Search Site
Menu
Alimony FAQ

What is alimony?

Alimony is a court ordered allowance that one spouse pays to the other spouse for maintenance and support while they are separated, in the process of going through a divorce, or after they have been divorced. Alimony is based on one spouse’s “need” and the other spouse’s “ability to pay”. The Florida Statutes specifically mandate that all forms of alimony (except Rehabilitative) shall terminate upon the death of either party or upon the remarriage of the party receiving the alimony.

What is the legal process for seeking alimony?

Alimony is most often sought in the process of divorce. However, the Petition for Dissolution of Marriage must state a request that some or all forms of alimony be awarded. The Petition may also request temporary alimony while the divorce is pending, to which a person may be entitled.
Alimony can also be sought in a separate action under Section 61.09 of the Florida Statutes, by filing a petition claiming that your spouse has the ability to contribute to your maintenance and support, but has failed to do so. This would occur in a situation in which the parties no longer live with one another, but have not yet filed for divorce.

Types of Alimony in Florida

In Florida, there are four basic forms of alimony to which a person may be entitled, and the court has the discretion to award any one (or more) forms of alimony.

Durational alimony is awarded when permanent periodic alimony is not appropriate. The purpose of this type of alimony is to provide economic assistance to a spouse for a set period of time following a marriage of short or moderate duration, or following a marriage of long duration if there is no ongoing need for support on a permanent basis.

The purpose of permanent periodic alimony is to provide for the needs and necessities of life as they were established during the marriage, and is awarded to a spouse who lacks the financial ability to meet his or her needs and necessities of life following dissolution of marriage. There is a presumption in favor of permanent periodic alimony in a marriage of long-term duration, and therefore permanent periodic alimony is most appropriate in a long-term marriage.

Bridge-the-gap alimony may be ordered to assist a party in making the transition from being married to being single. This form of alimony is designed to assist a person with short term needs, and an award of this type of alimony may not exceed two years.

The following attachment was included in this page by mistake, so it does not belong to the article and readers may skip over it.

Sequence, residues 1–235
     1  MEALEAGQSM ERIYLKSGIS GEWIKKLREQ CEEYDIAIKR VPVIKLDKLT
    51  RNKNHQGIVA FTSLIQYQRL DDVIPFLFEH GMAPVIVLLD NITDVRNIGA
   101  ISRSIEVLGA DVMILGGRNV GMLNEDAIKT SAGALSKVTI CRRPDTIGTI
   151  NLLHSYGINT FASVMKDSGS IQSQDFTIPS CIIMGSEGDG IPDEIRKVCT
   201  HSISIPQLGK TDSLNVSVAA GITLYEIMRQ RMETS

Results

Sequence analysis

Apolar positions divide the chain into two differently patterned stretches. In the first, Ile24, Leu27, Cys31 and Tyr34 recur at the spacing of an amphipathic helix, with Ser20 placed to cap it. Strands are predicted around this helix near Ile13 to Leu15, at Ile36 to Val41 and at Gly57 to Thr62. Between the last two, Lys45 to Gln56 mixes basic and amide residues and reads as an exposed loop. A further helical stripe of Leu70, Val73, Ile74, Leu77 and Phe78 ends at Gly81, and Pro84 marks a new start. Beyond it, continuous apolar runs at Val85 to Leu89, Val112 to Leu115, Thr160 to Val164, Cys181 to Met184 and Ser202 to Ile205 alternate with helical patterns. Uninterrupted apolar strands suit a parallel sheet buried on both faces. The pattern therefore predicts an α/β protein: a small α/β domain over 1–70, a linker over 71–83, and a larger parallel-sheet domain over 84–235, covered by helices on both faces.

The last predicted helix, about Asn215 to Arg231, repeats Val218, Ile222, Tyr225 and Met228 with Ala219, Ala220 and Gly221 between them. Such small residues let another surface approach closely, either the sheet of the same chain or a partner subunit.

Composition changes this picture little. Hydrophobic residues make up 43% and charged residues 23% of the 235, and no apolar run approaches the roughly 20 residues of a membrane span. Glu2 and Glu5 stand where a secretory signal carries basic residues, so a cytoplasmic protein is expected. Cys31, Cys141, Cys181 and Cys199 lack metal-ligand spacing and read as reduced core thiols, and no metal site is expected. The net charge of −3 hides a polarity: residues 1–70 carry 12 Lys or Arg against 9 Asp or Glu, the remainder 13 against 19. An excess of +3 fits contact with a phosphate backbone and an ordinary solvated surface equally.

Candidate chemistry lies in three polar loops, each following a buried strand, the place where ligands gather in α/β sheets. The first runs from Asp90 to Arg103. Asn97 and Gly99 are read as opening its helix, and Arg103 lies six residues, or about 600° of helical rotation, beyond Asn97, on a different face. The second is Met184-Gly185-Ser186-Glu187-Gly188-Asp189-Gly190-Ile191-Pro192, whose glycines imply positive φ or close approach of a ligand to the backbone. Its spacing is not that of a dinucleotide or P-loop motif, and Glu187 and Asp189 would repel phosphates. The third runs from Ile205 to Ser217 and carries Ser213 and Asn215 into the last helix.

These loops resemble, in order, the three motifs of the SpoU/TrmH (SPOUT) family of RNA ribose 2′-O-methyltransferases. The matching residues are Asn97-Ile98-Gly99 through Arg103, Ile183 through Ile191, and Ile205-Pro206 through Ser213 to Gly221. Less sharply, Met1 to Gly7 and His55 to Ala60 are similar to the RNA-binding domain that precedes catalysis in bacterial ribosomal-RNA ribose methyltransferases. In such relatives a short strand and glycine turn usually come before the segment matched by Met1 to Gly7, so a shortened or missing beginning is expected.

Rehabilitative alimony may be awarded to assist a party in becoming self-supportive by either redeveloping previous skills or credentials or by acquiring education, training or work experience. In order for a court to award rehabilitative alimony, there must be a specific and defined rehabilitative plan.

Who can seek Alimony in Florida?

The concept of alimony is based on the marriage between two parties, and as such the parties must be married for either spouse to seek alimony. If the parties are married and there is a differential in earning power between the parties, then the party earning less may be entitled to alimony. Alimony is based on one spouse’s “need” and the other spouse’s “ability to pay”. Therefore, if you have the need for a particular amount of alimony, and your spouse has the ability to pay that amount, then you may be awarded alimony in your dissolution of marriage. The type of alimony (if any) that is awarded in the dissolution of marriage process also depends upon the length of the marriage. With respect to an award of alimony, there are three categories of marriages: short-term, moderate-term, and long-term.

When does alimony end?

All forms of alimony end by the death of either party, remarriage of the party receiving the alimony. Durational, rehabilitative, and permanent periodic alimony are subject to modification, and as such can end if there is a substantial change in either the need of the party receiving alimony or the ability of the paying party to pay, or through sufficient proof that the party receiving the alimony has a “supportive relationship” with someone else. Bridge-the-gap alimony cannot be modified.

Contact us

Please fill out the form below and one of our attorneys will contact you.

Quick Contact Form

Office Location
  • Brandon Office
    206 Mason Street
    Brandon, Florida 33511
    Phone: 813-681-4246
    Fax: 813-653-9668